Creative classroom management strategies from fellow teachers and our experts.
It’s the beginning of a new school year, and your to-do list is a mile long: You’ve got supplies to buy, lessons to plan, a room to set up, and names to learn. You don’t have time or money to waste. The dollar store can be your best friend to help you accomplish this!
We asked teachers across the country to share the most resourceful ways they use dollar store items in their classroom. From creative crafts to space-saving solutions, here are 20 innovative tips we love for kicking off the year without breaking the bank.
1 | A Basket a Day
“I have a basket labeled for each day of the week. The Friday before, I set up for my week, placing materials, books, papers, etc., that I need for each day in its basket. This way, I just grab my basket for the day and have everything I need!”
—Kelly Craven, PreK, Georgia. Blog: Ms. Kelly’s Pre-K Magic.
2 | Team Colors
“Instead of assigning kids a number for group work, I bought a pack of neon plastic bracelets and a super-cute monster pencil pouch. Students can reach into the bag to grab a random color, or I can pass them out. The bracelets help everyone keep their groups straight.”
—Christi Fultz, former grade 3, Indiana. Blog: Ms. Fultz’s Corner.
3 | Art to Go
“I placed clear pencil pouches with holes in a three-ring binder, then put art supplies in each pouch and labeled them. But be careful not to put anything too bulky in, or the binder won’t close.”
—Amy Edwin, homeschooler, Arizona. Blog: Fig Milkshakes.
4 | Gaming It
“I hang my games on a towel rack with shower rings and binder clips, for easy off and on.”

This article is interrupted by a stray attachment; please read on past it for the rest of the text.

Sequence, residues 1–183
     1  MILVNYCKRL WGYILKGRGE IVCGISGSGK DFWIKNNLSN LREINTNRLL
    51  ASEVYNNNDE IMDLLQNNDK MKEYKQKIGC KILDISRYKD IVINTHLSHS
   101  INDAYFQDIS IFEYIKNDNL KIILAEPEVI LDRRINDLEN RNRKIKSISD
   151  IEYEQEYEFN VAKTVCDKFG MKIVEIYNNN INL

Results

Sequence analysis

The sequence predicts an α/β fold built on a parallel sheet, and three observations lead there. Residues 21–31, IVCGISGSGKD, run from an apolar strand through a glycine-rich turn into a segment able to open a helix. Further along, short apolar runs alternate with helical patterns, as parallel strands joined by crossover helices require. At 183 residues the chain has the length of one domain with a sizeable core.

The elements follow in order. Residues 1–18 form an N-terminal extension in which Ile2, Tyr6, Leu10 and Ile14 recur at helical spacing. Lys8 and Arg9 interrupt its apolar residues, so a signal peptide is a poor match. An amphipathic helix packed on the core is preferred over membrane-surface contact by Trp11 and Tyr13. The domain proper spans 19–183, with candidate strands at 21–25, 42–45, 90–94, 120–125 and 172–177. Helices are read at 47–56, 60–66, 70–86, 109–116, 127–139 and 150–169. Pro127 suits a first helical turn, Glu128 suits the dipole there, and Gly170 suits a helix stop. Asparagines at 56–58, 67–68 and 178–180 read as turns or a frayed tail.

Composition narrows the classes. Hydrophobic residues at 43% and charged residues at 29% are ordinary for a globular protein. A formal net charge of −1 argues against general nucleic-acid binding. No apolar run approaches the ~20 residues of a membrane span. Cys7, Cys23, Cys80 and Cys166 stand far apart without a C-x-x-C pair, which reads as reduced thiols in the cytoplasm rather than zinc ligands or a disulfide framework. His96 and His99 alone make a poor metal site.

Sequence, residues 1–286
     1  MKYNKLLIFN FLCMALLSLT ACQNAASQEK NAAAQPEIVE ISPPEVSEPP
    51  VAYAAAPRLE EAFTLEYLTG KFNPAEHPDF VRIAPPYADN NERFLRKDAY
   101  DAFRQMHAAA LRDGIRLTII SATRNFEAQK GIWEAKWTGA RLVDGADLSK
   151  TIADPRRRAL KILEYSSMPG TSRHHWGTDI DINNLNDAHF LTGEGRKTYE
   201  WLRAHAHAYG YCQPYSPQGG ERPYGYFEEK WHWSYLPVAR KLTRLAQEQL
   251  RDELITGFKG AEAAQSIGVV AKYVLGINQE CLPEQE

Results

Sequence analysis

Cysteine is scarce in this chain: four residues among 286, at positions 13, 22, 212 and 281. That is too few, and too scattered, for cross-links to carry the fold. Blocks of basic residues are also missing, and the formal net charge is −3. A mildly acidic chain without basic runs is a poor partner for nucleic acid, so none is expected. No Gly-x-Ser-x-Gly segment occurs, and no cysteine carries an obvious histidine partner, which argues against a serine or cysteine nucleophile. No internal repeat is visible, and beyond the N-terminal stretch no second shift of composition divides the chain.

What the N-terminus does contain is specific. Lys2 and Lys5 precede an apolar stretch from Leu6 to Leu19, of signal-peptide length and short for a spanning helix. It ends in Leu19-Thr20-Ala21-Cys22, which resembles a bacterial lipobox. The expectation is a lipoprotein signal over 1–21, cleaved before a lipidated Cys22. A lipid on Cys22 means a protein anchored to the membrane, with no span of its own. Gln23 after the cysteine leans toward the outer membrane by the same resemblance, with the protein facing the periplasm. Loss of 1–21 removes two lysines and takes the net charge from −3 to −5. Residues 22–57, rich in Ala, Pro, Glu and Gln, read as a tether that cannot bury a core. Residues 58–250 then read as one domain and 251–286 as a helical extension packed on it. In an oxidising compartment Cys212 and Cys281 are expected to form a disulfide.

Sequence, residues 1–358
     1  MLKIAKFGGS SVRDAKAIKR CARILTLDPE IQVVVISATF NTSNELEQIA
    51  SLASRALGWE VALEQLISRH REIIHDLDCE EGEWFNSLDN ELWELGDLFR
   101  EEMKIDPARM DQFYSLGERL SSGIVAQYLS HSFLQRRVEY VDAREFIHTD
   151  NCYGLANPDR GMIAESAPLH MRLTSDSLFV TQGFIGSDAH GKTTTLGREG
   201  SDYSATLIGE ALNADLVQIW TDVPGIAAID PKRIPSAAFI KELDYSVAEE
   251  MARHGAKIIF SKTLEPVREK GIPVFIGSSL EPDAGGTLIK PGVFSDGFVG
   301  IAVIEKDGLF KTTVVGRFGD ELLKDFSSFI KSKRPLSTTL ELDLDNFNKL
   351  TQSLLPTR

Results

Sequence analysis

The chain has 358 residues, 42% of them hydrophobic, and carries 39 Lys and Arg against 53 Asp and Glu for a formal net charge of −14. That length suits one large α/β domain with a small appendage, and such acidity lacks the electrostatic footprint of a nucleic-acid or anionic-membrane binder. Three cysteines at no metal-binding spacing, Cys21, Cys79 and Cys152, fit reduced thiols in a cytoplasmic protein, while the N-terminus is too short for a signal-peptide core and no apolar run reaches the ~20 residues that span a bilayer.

—Arlee Greenwood, child care provider, Alberta. Blog: Small Potatoes.
5 | Ear Beads
Wary of having kids share earbuds? Suggest they bring in their own to use while at computers and listening stations. Then, store them in a bead box!
6 | Spinning Caddy
“Hot-glue magnets to a lazy Susan and attach buckets or tin cans for an easy supply caddy! The buckets stay in place but can be moved as you wish.”
—Dan Walsh, grade 3, New York
7 | Hook Upgrade
“I attached an old bracket to my wall and hung carabiners from it. No more backpacks falling off wall hooks!”
—Troy Saunders, instructional technology specialist, Virginia. Instagram: @saundersroom.
8 | Reading Hideaway
“Fold the top of a bedsheet over a Hula-Hoop and safety-pin the sheet to itself. Hang it up by tying twine across the top of the Hula-Hoop (use at least two crisscrossed pieces), and hook these over a wall or ceiling hook. The sheet should hang down to the floor, creating a cozy and transportable reading tent!”
—Alanna George, freelance designer, Michigan. Blog: The Craft Nest.
9 | Revamped Reading Corner
“I bought a bunch of frames and used Velcro hanging strips so I could easily switch what’s inside. Then, I removed book jackets and cut them to size to display in our classroom library!”
—Katie Daily, grades 3–5 ELA, science, and social studies, Wisconsin
10 | Pencil Pockets
Need to solve the disappearing pencil problem? Simply cut big straws in half, lay one piece in an upper corner of each child’s desk and duct-tape it in place. When students aren’t using their pencils, they can slip them inside their straws for foolproof storage!
11 | Bejeweled Endings